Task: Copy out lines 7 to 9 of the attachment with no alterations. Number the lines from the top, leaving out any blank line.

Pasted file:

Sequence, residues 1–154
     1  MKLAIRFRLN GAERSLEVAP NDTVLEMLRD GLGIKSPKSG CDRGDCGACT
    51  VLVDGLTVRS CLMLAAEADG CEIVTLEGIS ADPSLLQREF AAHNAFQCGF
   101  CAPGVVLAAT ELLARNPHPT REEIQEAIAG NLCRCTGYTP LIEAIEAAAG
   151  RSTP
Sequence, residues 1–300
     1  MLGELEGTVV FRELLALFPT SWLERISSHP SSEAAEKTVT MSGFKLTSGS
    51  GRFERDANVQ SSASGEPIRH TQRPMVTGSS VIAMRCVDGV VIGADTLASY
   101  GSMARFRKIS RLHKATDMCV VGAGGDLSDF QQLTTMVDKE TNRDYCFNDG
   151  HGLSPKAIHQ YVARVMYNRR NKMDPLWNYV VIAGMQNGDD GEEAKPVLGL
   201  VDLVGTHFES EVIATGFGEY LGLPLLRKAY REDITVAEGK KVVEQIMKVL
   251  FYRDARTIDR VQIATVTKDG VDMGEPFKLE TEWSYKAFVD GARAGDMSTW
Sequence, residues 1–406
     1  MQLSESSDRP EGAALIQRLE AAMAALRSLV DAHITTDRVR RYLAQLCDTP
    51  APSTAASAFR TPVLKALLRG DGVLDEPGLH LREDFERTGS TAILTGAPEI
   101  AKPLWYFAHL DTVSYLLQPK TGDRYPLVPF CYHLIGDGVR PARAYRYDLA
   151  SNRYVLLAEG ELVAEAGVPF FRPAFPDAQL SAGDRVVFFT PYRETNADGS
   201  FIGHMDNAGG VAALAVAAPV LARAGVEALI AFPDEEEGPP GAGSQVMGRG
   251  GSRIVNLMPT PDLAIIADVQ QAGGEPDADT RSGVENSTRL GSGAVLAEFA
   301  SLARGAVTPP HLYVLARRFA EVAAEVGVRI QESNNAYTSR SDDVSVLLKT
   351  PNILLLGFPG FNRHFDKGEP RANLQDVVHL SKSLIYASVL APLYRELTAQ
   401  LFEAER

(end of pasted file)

     1  MLGELEGTVV FRELLALFPT SWLERISSHP SSEAAEKTVT MSGFKLTSGS
    51  GRFERDANVQ SSASGEPIRH TQRPMVTGSS VIAMRCVDGV VIGADTLASY
   101  GSMARFRKIS RLHKATDMCV VGAGGDLSDF QQLTTMVDKE TNRDYCFNDG